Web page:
Background: Ureteroscopy is becoming the primary treatment for ureteral stones. As a standard of care, ureteroscopy is performed under the supervision of fluoroscopy. Recent advances in endourological technology make the need for fluoroscopy questionable.
Objectives: To summarize our experience with a no-fluoroscopy technique for selected cases of ureteral stones.
Methods: Patients were considered suitable for fluoroless ureteroscopy if they had one or two non-impacted stones, in any location in the ureter, 5–10 mm size, with a normal contralateral renal unit and no urinary tract infection. Procedures were performed using rigid scopes, nitinol baskets/forceps for stone retrieval, and Holmium:YAG laser for lithotripsy. Stents were placed per surgeon's decision.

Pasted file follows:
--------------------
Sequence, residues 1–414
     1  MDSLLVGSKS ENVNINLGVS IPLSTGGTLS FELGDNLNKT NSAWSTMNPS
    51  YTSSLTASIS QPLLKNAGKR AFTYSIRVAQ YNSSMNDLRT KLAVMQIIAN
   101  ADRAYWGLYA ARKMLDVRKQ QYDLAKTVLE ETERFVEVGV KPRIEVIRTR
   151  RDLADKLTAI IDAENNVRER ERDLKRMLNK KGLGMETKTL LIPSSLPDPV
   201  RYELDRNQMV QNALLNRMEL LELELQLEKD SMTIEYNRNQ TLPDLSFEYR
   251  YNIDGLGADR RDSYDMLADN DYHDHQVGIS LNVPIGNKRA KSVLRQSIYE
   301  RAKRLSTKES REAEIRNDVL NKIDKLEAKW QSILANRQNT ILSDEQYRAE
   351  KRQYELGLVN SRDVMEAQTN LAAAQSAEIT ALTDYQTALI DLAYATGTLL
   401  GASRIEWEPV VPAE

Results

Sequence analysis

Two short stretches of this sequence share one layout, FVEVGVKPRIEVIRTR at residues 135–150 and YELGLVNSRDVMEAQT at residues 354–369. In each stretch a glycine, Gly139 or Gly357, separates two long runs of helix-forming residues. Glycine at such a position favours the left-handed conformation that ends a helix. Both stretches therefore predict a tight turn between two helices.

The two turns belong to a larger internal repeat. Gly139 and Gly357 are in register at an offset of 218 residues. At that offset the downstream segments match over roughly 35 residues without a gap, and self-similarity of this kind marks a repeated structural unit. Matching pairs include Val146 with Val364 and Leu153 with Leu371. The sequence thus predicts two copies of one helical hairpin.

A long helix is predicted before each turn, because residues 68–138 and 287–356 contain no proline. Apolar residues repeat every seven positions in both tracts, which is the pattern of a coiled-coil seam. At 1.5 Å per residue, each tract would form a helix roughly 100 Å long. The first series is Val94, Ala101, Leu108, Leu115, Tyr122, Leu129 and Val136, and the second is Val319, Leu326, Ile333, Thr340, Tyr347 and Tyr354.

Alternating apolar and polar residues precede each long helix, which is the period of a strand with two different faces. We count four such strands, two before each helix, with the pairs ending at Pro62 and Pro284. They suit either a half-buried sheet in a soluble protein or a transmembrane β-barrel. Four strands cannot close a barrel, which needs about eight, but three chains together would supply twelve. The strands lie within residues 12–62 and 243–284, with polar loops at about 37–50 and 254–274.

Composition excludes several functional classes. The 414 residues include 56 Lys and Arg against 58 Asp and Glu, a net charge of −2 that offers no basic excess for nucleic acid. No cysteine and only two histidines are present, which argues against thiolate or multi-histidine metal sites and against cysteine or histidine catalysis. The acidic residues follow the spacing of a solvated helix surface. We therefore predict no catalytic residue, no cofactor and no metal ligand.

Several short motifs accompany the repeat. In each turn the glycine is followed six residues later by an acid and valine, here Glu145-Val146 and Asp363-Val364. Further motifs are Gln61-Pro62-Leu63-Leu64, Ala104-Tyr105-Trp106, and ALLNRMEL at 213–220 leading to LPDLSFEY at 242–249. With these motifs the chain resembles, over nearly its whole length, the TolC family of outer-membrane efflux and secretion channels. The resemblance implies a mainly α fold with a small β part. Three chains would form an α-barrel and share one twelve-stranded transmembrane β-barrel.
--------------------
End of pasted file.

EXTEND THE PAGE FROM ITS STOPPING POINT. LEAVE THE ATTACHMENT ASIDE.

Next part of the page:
Results: During an 18-month period, 103 patients underwent fluoroless ureteroscopy. In 94 patients stones were removed successfully. In six, the stones were pushed to the kidney and treated successfully on a separate session by shock wave lithotripsy. In three patients no stone was found in the ureter. In five patients, miniature perforations in the ureter were noted and an indwelling double J stent was placed.
Conclusions: Fluoroless ureteroscopy resulted in a high rate of success. We believe that in selected cases it can be used with minimal adverse events